Another break occurred when they embarked on an east coast US tour in April and May; recording concluded in June.[20] They utilized early takes and demo recordings; Kensrue said they cared more about "capturing the moment" instead of "the perfect take".[10] Teranishi played several single-coiled guitars, used a Vox AC30 amplifier frequently, and a Marshall JCM800 head for the heavier-sounding guitar parts. He employed the use of delay pedals; the band used phaser/chorus effects for the water disc since those effects had the tonality of water. The air disc utilized reverb and delay effects.[21] Teranishi finished the final recordings in June, before they were mastered the following month[20] by Howie Weinberg at Masterdisk.[11]

Composition[edit]

Overview[edit]

Discussing the project's name, Kensrue said he received a copy of the book Alchemy and Mysticism: The Hermetic Museum; it contained drawings and theories on how the elements interact with one another.[22] Teranishi said the band liked it as it appealed to the core belief as a unit: "an amalgamation of a bunch of different things for all of us personally."[21] The overall idea for The Alchemy Index came to Kensrue one night while in the group's touring van.[23] The further he mulled over the idea, the more he felt it would work perfectly as the group's future direction.[10] Teranishi said the group were hesitant towards his idea, unsure if they would be able to make it work. They planned out what they thought each element would sound like, coming up with a rough draft.[24] Breckenridge said instead of trying to make the songs fit into their existing sound, as they had on Vheissu, "it was like, no, let’s write an electronic and key-based song ... We don’t need to chop everything up".[3]

The members wrote bits of material that they felt would fit within said element. From this, they began fleshing out the songs. Kensrue said there was some difficulty in making the project work as a whole without it coming across as a single song.[23] The concept is split into four separate elements (fire, water, air and earth), with each one consisting of six songs and lasting under half-an-hour in length.[9] The closing tracks of each volume are sonnets,[23] laid out in traditional English form;[25] Kensrue often struggled with writing lyrics since it revolved around how the words would sound, as opposed to the words themselves. He decided on sonnets since he felt they read better than being sung.[22] He wrote them from the viewpoint of each "spirit" of the element; at the time, he was reading The Lord of the Rings by J. R. R. Tolkien and Velvet Elvis: Repainting the Christian Faith by Rob Bell.[16]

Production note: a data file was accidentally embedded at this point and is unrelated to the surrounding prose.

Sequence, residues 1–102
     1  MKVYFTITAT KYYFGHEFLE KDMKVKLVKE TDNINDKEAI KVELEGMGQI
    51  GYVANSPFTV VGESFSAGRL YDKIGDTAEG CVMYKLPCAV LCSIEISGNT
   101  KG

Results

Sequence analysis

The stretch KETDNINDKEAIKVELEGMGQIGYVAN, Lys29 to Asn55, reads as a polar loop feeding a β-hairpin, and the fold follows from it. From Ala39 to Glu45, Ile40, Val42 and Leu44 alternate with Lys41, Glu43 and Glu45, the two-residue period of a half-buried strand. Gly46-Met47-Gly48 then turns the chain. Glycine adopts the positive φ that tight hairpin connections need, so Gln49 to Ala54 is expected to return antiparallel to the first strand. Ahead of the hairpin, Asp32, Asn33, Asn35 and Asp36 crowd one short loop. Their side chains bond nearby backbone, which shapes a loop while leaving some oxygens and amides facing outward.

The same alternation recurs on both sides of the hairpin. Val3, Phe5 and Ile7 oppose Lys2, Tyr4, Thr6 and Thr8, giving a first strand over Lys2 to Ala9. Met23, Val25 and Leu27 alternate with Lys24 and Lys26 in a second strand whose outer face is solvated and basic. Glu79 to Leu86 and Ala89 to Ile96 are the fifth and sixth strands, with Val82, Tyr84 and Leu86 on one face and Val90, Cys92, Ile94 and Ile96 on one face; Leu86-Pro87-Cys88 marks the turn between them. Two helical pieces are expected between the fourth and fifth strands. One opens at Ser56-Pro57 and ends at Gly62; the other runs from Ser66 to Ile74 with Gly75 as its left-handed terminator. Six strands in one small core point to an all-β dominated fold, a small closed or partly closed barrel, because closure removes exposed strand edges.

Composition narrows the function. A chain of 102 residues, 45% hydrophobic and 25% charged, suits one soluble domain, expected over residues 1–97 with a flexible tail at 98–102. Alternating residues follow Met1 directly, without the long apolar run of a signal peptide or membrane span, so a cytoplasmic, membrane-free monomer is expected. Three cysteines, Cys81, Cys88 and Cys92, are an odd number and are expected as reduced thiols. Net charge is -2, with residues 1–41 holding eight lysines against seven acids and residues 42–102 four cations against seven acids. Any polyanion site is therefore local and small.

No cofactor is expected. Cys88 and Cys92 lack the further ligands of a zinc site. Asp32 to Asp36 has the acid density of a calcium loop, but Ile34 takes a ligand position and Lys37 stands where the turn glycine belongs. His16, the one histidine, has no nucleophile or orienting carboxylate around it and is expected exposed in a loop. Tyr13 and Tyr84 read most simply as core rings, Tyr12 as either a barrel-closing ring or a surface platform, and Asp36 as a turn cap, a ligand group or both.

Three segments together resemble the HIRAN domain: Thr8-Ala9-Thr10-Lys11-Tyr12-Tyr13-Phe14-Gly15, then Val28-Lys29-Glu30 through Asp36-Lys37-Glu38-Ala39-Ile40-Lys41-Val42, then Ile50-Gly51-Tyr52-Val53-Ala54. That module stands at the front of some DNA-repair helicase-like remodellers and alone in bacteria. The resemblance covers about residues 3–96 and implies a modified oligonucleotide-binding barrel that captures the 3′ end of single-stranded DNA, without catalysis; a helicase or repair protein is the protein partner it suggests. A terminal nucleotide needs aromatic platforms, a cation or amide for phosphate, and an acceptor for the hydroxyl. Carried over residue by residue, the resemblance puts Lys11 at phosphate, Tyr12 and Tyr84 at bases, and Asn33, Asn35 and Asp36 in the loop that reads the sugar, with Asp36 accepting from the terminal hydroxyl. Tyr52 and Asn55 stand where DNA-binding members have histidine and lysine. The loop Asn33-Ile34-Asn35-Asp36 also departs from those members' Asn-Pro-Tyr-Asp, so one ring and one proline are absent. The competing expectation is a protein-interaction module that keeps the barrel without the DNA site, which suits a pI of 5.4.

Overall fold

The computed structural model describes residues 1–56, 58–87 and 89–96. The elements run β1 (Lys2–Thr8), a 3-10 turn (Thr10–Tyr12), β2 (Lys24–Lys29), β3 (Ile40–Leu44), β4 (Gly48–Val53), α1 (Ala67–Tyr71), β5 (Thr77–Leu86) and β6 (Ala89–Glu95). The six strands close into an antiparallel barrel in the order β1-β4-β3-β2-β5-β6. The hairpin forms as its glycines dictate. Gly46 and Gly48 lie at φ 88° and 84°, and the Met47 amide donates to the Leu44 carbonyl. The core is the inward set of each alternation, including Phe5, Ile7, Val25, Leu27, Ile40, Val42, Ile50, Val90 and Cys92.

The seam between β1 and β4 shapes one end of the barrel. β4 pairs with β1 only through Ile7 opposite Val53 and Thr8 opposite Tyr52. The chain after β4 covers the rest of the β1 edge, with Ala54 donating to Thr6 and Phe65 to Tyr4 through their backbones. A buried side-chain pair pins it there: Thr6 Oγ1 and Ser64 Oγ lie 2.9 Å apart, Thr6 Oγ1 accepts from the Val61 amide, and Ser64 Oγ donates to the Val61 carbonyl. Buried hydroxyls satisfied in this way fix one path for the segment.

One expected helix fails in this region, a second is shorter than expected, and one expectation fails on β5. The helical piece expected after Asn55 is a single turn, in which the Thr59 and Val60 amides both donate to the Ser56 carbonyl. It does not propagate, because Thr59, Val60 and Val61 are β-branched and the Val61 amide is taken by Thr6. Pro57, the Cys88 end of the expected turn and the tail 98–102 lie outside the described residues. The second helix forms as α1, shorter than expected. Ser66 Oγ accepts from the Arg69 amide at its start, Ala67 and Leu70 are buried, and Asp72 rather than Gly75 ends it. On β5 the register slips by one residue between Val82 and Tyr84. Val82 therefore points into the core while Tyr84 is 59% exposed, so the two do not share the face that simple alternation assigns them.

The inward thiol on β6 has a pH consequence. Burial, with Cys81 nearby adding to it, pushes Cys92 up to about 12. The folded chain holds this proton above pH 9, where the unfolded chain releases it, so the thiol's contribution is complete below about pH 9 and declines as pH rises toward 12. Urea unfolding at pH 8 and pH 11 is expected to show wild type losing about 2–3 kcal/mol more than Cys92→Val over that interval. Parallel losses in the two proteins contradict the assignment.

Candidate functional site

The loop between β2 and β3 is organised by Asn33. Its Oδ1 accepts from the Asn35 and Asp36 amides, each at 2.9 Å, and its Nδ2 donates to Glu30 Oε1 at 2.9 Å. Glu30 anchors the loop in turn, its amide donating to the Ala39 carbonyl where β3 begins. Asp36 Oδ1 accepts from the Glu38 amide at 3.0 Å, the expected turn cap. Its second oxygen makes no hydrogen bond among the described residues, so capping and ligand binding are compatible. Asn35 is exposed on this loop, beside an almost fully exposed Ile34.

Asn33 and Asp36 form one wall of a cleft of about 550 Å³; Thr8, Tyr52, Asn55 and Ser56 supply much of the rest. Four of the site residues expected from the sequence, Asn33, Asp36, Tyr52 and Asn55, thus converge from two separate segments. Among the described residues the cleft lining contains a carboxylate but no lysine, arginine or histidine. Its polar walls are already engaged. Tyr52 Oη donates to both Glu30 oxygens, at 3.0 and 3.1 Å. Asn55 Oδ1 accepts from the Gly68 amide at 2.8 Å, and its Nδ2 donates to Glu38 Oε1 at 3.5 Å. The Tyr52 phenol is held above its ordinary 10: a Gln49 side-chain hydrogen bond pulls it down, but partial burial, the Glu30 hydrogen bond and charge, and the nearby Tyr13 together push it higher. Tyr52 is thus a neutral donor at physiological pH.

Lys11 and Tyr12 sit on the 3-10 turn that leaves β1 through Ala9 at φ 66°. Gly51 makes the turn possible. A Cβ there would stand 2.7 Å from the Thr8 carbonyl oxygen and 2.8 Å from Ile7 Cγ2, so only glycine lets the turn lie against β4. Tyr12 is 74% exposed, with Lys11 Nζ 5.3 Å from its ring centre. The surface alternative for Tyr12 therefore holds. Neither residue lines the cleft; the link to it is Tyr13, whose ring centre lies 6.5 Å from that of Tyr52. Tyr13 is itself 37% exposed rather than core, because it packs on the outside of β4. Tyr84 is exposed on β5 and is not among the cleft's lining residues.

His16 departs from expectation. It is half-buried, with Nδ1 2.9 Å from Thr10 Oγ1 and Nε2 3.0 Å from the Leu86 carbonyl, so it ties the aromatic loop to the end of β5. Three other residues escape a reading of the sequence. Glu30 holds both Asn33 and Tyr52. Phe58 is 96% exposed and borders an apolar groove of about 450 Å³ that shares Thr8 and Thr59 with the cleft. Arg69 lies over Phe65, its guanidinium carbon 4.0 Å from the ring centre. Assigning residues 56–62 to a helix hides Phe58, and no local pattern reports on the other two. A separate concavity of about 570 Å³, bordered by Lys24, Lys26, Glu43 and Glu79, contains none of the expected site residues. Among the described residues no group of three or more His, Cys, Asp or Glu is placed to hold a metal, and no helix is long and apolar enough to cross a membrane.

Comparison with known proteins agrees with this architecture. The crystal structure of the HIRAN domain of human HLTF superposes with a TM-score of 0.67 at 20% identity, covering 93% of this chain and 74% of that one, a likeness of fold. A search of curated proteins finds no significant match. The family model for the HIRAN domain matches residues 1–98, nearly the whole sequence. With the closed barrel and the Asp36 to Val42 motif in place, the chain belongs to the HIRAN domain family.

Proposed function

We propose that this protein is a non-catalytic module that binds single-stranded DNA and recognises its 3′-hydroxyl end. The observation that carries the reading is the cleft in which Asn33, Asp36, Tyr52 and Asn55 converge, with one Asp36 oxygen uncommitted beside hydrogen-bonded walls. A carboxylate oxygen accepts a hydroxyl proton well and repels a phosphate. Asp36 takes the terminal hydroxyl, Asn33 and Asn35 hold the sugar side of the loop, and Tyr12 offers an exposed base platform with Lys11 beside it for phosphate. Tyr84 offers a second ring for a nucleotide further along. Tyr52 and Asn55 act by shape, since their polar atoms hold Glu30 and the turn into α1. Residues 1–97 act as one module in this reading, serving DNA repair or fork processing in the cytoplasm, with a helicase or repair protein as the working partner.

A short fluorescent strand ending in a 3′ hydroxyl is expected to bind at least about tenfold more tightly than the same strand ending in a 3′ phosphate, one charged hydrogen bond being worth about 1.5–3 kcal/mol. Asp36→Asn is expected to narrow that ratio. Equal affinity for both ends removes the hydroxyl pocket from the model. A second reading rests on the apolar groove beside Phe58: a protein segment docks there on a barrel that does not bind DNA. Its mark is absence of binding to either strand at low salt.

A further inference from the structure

Vol. I: Fire[edit]

Vol. I: Fire is centered around the group's older melodic post-hardcore sound of their early releases,[26] channelling the influence of Deftones, Isis and Pelican.[27] It features riff-based guitar work,[23] screaming,[28] different tunings and time signatures, while continuing the stylistic evolution of the Vheissu tracks "Hold Fast Hope", "The Earth Will Shake" and "Like Moths to Flame".[27] The lyrics incorporate metaphors for fire,[28] alongside detailing rebellion through the contexts of history and religion, and the urge to break free from people oppressing the listener; this style of lyrical content recalled the band's The Artist in the Ambulance (2003) track "Paper Tigers" and the Vheissu track "Between the End and Where We Lie".[29] "Firebreather" opens with a heavy guitar riff, which is then repeated in the verses on bass guitar, and ends with the inclusion of choral singing,[27] which consisted of Aushua, Nick Bogardus, Brent Kredel and Brett Williams.[11]